I received a few questions this week that I have not heard asked in a while: In what manner do employers need to keep time records? Can they be kept electronically, or do they have to be written? A follow-on question was: Do employers need to have a computerized timekeeping system to comply with their requirements under California law? With technological advances, it is hard to remember that just 10 years ago these questions were on top of everyone’s mind, but today it is sometimes assumed that it must be legal to keep these records electronically. However, these inquiries raise good questions about employers’ obligations under the Labor Code to create and maintain time records. Surprisingly (or maybe not so surprisingly depending on your views on how slow the law is in adapting to technological advances), the Labor Code does not address this issue right on point. Yet, there are some governing principles employers can review in making the decision on what practices are best for their business. This Friday’s Five covers five key obligations employers should consider when setting up time keeping systems:
1. Are employers required to use a particular type of timekeeping system?
California law does not require the use of any electronic type of timekeeping system or time clocks. Employers may elect to use paper and pen in recording an employee’s time. As explained below, the records should be “indelible,” meaning that the time entries cannot be erased, removed, or changed. However, even with just a handful of employees, many employers find it more efficient to use an electronic timekeeping system. Moving towards an electronic time keeping system can reduce mistakes in the recording and calculation of time worked, make it easier to track changes, and could make a review of the time entries easier should there ever be a challenge by the employee about their pay. Most timekeeping software today will also help monitor meal break compliance and will automatically flag any violations for a manager’s review.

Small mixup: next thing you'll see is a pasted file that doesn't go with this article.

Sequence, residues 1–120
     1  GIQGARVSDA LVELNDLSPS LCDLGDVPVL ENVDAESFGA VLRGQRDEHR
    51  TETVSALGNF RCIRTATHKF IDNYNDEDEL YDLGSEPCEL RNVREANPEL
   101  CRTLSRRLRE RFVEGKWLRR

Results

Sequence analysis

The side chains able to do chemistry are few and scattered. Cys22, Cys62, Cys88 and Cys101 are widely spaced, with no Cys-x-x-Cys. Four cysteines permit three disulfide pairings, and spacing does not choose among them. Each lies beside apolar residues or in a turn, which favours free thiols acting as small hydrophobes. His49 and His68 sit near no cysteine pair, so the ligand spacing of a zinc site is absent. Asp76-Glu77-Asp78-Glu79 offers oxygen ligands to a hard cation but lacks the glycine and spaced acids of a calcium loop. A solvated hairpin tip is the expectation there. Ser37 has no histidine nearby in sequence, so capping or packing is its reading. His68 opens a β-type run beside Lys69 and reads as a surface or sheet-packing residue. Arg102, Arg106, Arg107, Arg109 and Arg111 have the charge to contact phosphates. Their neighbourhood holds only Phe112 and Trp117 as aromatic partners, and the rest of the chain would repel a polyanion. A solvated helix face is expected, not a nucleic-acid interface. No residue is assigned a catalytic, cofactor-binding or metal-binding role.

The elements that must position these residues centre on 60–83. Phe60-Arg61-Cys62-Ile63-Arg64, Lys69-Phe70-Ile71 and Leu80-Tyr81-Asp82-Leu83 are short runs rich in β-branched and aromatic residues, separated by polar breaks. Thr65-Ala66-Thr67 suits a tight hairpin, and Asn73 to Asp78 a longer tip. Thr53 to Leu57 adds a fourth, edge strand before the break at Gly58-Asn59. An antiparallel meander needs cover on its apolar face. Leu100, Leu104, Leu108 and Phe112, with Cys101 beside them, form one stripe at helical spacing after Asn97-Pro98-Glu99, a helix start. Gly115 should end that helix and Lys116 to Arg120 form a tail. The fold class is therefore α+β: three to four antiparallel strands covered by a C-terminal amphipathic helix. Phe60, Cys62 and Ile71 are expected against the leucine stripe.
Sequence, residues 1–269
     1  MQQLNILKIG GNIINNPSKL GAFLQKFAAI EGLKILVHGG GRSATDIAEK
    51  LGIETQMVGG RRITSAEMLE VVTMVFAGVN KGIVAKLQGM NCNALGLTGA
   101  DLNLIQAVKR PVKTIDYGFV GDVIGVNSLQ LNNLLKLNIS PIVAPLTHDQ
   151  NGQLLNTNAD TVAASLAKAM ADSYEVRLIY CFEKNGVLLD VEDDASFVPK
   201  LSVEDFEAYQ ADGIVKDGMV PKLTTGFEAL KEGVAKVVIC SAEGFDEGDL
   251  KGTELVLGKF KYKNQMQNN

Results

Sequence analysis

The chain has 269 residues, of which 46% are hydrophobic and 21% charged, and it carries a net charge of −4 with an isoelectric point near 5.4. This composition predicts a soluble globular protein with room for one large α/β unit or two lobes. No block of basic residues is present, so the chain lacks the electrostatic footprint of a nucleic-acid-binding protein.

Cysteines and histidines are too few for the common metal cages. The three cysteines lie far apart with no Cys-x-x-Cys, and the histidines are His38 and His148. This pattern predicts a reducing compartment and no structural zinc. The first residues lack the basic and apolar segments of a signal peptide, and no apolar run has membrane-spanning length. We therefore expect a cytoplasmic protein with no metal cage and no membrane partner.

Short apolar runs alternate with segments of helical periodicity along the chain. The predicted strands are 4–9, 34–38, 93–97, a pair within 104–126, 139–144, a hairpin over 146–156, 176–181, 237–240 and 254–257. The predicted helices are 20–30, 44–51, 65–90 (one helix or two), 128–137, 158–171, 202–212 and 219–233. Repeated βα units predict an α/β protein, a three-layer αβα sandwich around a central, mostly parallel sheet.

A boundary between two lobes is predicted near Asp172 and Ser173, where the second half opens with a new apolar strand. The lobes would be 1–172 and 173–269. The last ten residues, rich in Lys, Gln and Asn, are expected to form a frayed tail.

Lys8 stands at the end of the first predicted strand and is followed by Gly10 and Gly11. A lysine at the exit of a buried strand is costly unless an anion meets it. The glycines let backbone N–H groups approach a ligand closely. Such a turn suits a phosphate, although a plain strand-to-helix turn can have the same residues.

2. Can time records be kept electronically?
California Wage Orders require that employers maintain the employees time records “in the English language and in ink or other indelible form.”
The Division of Labor Standards Enforcement (“DLSE”) issued an Opinion Letter on July 20, 1995 stating that “storage of records by electronic means meets the requirements of California law if the records are (1) retrievable in the State of California, and (2) may be printed in an indelible format upon request of either the employee or the Division.”